Glad I put the effort in as well, as a whole massive market was opened up for me.
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Old 07-28-2017, 09:00 AM   #36
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I'm another lefty who learned how to fly right handed when Thrustmaster hit the scene with the FCS and WCS Mk I. As others have said, you can find an ambidextrous stick, but good luck finding an ambidextrous throttle.

Anyway, it took me a couple of weeks to learn how to use a light touch with my right hand, and then I stopped thinking about it. Learning how to fly right handed also really helped in flight school (for obvious reasons). I don't think I could fly better left handed than I do now with my right.

I say bite the bullet and learn it. It pays off, and there's no long-term downside at all.
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Old 08-12-2017, 07:15 PM   #37
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Quote:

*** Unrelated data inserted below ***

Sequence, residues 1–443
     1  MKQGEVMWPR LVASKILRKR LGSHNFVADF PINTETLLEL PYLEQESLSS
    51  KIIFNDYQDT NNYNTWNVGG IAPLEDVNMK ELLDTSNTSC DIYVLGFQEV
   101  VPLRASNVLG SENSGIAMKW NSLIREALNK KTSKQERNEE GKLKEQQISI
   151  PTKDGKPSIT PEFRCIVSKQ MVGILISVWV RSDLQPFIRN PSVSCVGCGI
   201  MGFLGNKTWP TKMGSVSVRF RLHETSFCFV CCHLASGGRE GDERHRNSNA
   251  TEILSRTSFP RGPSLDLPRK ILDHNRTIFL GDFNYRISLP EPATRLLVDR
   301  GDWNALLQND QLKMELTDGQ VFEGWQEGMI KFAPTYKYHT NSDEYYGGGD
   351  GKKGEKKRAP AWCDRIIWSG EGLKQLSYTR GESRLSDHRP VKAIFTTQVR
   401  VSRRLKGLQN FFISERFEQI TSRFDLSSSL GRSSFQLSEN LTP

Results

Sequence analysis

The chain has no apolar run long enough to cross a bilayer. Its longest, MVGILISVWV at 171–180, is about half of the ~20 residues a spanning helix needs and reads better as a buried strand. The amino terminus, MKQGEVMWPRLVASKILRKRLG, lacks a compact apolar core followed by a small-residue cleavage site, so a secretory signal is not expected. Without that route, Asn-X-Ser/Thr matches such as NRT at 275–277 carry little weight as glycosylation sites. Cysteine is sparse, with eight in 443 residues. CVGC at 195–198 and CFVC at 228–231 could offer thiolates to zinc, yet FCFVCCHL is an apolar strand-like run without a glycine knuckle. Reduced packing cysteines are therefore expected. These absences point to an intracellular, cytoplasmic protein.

Originally Posted by WinterH View Post
"You have to learn flying right handed for realism" is a non-argument.

Yeah, sure, if I join some airforce anytime soon, I may consider switching my dominant hand for 30-odd years, but unless that happens I see no reason to .

Even IRL, most commercial aircraft with a side by side arrangement, one of the pilots have to fly left handed, the concept isn't all that strange .

Unless someone flies with as many replica control setups as existing modules, you aren't mimicking the exact control setup realism anyway, and in that case, sacrificing the use of your more dextrous hand doesn't really contribute enough to realism to make up for loss of ability.

In a real aircraft, only option is to train your other hand, but here we have the choice, and trying to adapt the right hand just for the sake of pure "realism" is going to be a diminishing return at best.


or as some would call it, lazy. this is a sim, do it right...
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Old 08-12-2017, 07:16 PM   #38
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Quote:
Originally Posted by silvergh0st View Post